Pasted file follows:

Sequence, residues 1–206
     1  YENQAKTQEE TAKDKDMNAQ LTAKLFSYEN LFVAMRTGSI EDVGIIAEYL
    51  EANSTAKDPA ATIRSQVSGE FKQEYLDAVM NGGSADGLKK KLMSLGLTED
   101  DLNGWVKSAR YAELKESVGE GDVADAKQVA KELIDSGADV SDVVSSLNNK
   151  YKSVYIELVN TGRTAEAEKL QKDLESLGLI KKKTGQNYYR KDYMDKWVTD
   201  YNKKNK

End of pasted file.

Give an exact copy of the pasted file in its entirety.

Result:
Sequence, residues 1–206
     1  YENQAKTQEE TAKDKDMNAQ LTAKLFSYEN LFVAMRTGSI EDVGIIAEYL
    51  EANSTAKDPA ATIRSQVSGE FKQEYLDAVM NGGSADGLKK KLMSLGLTED
   101  DLNGWVKSAR YAELKESVGE GDVADAKQVA KELIDSGADV SDVVSSLNNK
   151  YKSVYIELVN TGRTAEAEKL QKDLESLGLI KKKTGQNYYR KDYMDKWVTD
   201  YNKKNK